•ECRS (technology support services for co-ops;; 

•Neighboring Food Co-op Association (find a searchable map of member co-ops at; 

•Franklin Community Co-op in Greenfield and Shelburne Falls, Mass. (; and 

•River Valley Co-op in Northampton ( 

Among more than a dozen additional contributing sponsors were National Co+op Grocers and CDS Consulting Co-op; producer co-ops including Equal Exchange, Frontier Co-op, Organic Valley, and Pachamama Coffee; and funders at National Co-op Bank, Shared Capital Cooperative, Local Enterprise and Assistance Fund, and Co-op Fund of New England. Throughout, many of these sponsors maintained table displays, with live networking opportunities.

Milestones and awards

Annually at CCMA, major cooperative milestones are celebrated. I was pleased to announce the names of food co-ops and major allies that have completed another decade—we honored them for their durability and ongoing service. Following that, Jacqueline Hannah of Food Co-op Initiative announced the 10 new co-ops that had opened their store in the past year. (For the complete list, see my column, “Milestones and More”:  Milestones and More).

Food co-ops are encouraged to nominate from among their peers outstanding co-op leaders and businesses that deserve wider recognition. These annual awards are overseen by Cooperative Development Foundation. Marilyn Scholl presided over this year’s awards ceremony, and National Co+op Grocers sponsored the event.  

The 2017 award for Cooperative Excellence was presented to City Center Market in Cambridge, Minn., and its general manager, Gayle Cupit. After previously serving as the board president, Cupit became general manager in 2009 and has guided this small-town co-op through recovery, then growth and expansion that has generated strong local support.

Recognition for Cooperative Service was awarded to Sean Doyle, general manager of Seward Co-op in Minneapolis and a graduate of the Saint Mary’s University master’s program in co-op and credit union management. During the most recent three years of a career dedicated to cooperatives, Doyle has guided Seward Co-op through challenging expansions to two additional retail and production facilities, following an earlier strongly successful expansion of its original store. Doyle and other Seward leaders also led conference workshops on meeting co-op diversity challenges.

A second Cooperative Service award was presented to Sharon Murphy, who is retiring from her general manager position after 36 years of leadership contributions at Whole Foods Co-op in Duluth, Minn. The co-op is thriving, opened its second store earlier this year, and now has 160 staff and 10,000 members. To accept the award, Murphy sent a short video giving a straightforward and soft-spoken thanks and farewell.

The award for Cooperative Innovation and Achievement went to Central Co-op in Seattle and Tacoma, Wash. Represented at the podium by Dan Arnett, their cooperator in chief, Central Co-op successfully implemented a $15/hour entry wage; swiftly and with strong owners’ support merged two co-ops in Tacoma and Seattle; and also won approval for its new solidarity co-op structure that establishes an equity and governance stake for co-op employees along with consumers. (For more on Central Co-op and $15/hour, see the recent report at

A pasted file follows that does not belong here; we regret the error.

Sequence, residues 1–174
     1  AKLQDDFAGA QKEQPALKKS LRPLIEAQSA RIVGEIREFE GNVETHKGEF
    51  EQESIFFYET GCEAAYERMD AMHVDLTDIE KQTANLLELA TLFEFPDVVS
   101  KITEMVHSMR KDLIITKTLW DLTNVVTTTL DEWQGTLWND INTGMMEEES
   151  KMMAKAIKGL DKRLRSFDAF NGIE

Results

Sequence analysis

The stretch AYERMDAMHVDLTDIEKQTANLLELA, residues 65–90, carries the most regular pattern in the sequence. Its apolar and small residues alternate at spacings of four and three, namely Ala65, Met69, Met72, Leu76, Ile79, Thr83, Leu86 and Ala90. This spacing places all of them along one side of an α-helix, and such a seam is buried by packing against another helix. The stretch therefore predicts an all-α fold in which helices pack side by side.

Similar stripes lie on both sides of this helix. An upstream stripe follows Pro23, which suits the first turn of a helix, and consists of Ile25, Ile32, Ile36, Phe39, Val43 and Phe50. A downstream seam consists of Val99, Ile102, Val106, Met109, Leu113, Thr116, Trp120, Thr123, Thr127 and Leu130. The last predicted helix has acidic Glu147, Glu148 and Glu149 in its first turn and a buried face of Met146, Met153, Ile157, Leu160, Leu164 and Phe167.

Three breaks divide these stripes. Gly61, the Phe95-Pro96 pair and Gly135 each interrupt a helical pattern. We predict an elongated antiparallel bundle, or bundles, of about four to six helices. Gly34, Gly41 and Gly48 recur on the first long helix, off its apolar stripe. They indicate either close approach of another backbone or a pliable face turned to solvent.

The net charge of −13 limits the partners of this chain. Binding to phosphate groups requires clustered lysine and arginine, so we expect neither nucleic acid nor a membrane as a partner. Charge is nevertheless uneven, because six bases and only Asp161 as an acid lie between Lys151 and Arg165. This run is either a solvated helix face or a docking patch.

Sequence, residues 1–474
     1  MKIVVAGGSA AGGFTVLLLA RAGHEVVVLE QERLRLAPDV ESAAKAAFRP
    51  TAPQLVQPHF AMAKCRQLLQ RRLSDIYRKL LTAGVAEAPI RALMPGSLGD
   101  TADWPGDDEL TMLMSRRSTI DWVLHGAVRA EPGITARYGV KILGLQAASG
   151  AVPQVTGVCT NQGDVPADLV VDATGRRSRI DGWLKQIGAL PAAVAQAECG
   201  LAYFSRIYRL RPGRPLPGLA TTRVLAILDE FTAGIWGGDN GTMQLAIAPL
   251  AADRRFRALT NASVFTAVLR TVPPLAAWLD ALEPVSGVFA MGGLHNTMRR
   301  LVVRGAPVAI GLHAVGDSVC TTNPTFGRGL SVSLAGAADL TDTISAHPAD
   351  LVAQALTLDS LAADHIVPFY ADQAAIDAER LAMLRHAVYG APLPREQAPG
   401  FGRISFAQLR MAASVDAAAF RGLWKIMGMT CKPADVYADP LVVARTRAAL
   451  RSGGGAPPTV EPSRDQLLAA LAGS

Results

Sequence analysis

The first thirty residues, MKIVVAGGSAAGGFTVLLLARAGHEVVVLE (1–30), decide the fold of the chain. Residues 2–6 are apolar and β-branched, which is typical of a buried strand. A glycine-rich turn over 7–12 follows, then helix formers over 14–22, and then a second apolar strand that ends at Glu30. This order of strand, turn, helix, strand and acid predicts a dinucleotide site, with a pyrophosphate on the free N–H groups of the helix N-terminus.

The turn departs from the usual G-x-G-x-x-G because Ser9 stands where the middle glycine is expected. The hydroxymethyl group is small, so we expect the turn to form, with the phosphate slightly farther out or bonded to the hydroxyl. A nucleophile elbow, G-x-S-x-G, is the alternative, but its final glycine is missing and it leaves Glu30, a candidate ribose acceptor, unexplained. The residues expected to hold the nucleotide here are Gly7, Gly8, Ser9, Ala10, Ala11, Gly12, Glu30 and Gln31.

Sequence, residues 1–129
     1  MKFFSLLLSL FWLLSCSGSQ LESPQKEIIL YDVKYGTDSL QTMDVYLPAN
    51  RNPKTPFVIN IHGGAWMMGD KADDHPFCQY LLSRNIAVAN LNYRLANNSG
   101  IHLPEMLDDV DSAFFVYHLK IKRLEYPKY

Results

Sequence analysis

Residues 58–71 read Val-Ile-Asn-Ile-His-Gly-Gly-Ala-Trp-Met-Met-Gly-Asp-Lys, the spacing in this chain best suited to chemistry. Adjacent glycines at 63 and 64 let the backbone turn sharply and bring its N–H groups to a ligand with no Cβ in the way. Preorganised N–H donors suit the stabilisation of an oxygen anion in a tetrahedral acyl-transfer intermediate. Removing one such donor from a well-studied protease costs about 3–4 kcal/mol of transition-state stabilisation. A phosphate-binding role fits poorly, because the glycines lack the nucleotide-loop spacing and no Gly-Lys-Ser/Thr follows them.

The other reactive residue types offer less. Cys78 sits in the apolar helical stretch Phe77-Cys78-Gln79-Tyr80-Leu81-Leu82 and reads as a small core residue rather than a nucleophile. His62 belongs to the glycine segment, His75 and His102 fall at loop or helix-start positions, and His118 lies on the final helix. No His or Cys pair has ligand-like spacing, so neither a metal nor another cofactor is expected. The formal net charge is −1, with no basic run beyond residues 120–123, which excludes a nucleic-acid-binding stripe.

The Cooperative Board Service award was presented by Martha Whitman of La Montanita Food Co-op in Albuquerque, N.M., to Marshall Kovitz, that co-op’s mourned late leader. Kovitz, who served on the La Montanita board for 35 years, died suddenly this past spring; among his various qualities, he was appreciated in his local and national co-op community for insightful and humane contributions to improved group dynamics and decision making.

Finally, Food Co-op Initiative announced its Startup of the Year, Renaissance Community Co-op in Greensboro, N.C. This determined campaign, centered in a food desert and a largely black community, now has over 800 co-op owners and will open its new store in 2016. A moving video of these owners who want a good food store was shown, and several co-op members and the general manager, Michael Valenti, were on hand to receive the miniature “golden shopping cart.” Renaissance members also led a workshop case study discussion at the conference. 

Yet another important CCMA feature (and continued throughout the year) is fundraising for the Bowers Fund. Scholarships from this fund are awarded to food co-op applicants, bringing co-op training and education to many co-op directors and staff who could not otherwise afford to do so. See a brief report by Annie Hoy on this year’s scholarships and fundraising results for the Bowers Fund:

Future disruption